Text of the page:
extent I can assist the GBM to get the resources they need to take advantage
of the positive environment that has been created by this government.
In the meantime I am hoping that the Ministry will be responsive to
some of the approaches that we have perfected, so that we can really
rehabilitate the forests. So I find myself as a bridge between the government
and civil society. I understand the civil society very well, I understand
their strengths, I understand their weaknesses. I am now beginning to
understand the strengths and weaknesses of the government, and I can
see that the two can assist each other very well. And I’m hoping
that the GBM will find the resources because it has the capacity, it
was the will, it is ready to do the work. The government has the will,
but it still has to put its machinery in place, and that may take time.
So the partnership can be excellent.
Do you see that happening?
I see that happening, that’s partly why I’m here, I’m
trying to see donors willing to support the organization. And to take
advantage of the great opportunity that this government has brought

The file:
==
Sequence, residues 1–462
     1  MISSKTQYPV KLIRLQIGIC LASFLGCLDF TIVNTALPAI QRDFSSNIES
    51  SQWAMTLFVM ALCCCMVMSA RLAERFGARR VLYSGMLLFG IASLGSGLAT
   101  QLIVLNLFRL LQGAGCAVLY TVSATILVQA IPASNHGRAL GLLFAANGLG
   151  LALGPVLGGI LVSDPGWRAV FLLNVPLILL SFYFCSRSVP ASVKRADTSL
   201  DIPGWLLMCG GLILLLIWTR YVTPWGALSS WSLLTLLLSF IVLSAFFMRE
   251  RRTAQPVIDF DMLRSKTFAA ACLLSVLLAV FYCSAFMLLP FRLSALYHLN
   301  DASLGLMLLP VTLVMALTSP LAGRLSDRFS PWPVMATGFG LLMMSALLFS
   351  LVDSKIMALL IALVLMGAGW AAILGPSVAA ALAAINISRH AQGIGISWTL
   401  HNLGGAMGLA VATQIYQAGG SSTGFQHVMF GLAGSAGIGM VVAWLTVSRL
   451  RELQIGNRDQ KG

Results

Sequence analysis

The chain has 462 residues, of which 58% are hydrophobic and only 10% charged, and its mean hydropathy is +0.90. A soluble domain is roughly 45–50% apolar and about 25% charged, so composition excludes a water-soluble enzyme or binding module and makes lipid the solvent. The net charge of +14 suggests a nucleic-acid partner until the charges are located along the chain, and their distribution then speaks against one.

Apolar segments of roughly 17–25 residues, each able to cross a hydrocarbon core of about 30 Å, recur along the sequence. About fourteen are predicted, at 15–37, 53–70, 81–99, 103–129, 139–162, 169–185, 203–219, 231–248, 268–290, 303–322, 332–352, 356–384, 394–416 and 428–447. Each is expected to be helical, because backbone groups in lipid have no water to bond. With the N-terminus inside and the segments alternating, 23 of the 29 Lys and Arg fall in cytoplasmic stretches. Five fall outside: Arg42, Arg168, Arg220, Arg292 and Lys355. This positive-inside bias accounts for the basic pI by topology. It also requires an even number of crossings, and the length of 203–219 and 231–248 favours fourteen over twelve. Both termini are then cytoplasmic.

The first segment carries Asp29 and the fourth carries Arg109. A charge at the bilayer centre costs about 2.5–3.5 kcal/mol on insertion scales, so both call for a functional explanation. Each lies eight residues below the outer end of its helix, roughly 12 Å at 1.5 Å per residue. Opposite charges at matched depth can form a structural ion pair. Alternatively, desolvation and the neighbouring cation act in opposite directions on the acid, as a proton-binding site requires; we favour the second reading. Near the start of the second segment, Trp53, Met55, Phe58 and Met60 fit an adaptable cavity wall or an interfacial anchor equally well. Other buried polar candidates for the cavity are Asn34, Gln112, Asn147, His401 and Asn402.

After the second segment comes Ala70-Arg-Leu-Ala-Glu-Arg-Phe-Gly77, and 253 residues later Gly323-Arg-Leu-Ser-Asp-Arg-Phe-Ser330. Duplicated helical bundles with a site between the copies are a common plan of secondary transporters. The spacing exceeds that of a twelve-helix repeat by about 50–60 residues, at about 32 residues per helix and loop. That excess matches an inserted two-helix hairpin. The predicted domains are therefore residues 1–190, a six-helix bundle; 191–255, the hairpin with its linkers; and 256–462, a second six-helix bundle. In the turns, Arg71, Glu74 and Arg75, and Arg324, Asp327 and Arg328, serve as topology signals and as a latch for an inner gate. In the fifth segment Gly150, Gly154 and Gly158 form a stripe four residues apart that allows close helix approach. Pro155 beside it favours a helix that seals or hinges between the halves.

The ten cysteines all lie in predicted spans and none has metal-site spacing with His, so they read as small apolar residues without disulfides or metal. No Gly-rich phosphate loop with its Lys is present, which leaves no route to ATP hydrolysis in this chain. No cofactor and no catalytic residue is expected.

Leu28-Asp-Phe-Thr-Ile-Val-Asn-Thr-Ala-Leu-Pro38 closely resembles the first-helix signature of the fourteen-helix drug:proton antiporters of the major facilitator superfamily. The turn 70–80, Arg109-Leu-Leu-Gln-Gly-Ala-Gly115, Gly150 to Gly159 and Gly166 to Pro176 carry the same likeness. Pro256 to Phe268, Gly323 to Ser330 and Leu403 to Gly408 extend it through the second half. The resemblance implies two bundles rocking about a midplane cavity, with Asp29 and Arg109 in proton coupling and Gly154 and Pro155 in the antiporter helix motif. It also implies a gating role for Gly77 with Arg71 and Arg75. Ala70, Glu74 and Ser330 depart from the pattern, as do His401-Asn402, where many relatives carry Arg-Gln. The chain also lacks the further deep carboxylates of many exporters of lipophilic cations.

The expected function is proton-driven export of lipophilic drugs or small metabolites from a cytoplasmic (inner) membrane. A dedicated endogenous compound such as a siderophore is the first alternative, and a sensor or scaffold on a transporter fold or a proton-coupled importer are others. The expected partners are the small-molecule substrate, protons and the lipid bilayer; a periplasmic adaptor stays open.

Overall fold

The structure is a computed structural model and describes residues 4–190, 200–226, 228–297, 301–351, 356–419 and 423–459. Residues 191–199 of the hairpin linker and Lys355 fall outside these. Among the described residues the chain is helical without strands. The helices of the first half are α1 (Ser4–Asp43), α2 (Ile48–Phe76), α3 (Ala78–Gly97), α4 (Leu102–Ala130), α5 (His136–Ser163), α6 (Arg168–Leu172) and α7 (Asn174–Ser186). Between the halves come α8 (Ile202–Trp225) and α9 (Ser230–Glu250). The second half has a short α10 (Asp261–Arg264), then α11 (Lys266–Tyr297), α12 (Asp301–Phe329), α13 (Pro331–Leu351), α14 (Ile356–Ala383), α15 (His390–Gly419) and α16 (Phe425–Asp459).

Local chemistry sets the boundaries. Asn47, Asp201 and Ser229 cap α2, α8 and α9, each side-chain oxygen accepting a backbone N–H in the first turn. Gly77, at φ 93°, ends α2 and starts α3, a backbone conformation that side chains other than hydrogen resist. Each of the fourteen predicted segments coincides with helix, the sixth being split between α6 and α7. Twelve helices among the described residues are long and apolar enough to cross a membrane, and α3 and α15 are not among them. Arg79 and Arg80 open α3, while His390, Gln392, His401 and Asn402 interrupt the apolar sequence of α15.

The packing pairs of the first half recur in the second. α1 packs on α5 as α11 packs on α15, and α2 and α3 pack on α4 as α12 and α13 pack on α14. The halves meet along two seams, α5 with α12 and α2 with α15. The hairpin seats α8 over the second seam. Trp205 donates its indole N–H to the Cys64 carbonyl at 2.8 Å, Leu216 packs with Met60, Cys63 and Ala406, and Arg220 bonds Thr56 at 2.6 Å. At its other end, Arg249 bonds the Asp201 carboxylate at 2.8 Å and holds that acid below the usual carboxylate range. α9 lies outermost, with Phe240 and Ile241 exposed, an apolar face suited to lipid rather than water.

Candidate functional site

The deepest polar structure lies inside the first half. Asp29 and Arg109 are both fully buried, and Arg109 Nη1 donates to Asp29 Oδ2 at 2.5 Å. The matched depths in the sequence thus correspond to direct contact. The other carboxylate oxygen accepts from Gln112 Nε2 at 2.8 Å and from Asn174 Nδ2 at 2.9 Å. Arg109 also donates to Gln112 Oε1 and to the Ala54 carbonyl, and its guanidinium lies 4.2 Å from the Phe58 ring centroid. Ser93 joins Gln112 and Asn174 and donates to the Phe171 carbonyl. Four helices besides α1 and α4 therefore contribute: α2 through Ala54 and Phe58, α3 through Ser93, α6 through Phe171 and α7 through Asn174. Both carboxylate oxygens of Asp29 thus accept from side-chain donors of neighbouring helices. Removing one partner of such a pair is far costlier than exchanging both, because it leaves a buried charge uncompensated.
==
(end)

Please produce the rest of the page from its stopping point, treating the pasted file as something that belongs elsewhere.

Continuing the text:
because after all, this is what we have been fighting for all these
years, and finally we are there.
What has it been like for you to switch to
a government position from more grassroots work?
I think that what is interesting, especially being a member of Parliament,
is to participate in making the laws—so you are not just looking
at laws and criticizing them—and sometimes improving laws that
have been there, such as the laws on forestry, on mining, and on conservation
of wildlife. These laws have been very bad in the past, and we are now
involved in trying to make them better. That is very very exciting for
me, because you’re there, you’re participating in the change.
I’m curious, with regards to your supporters,
if you think they are more people who have been behind you all along,
or if they were government supporters before who ended up changing their
I think that the consciousness we have raised in Kenya has made it possible
for many people to understand that although the government was vilifying
us and making us look bad, that indeed we were involved in very noble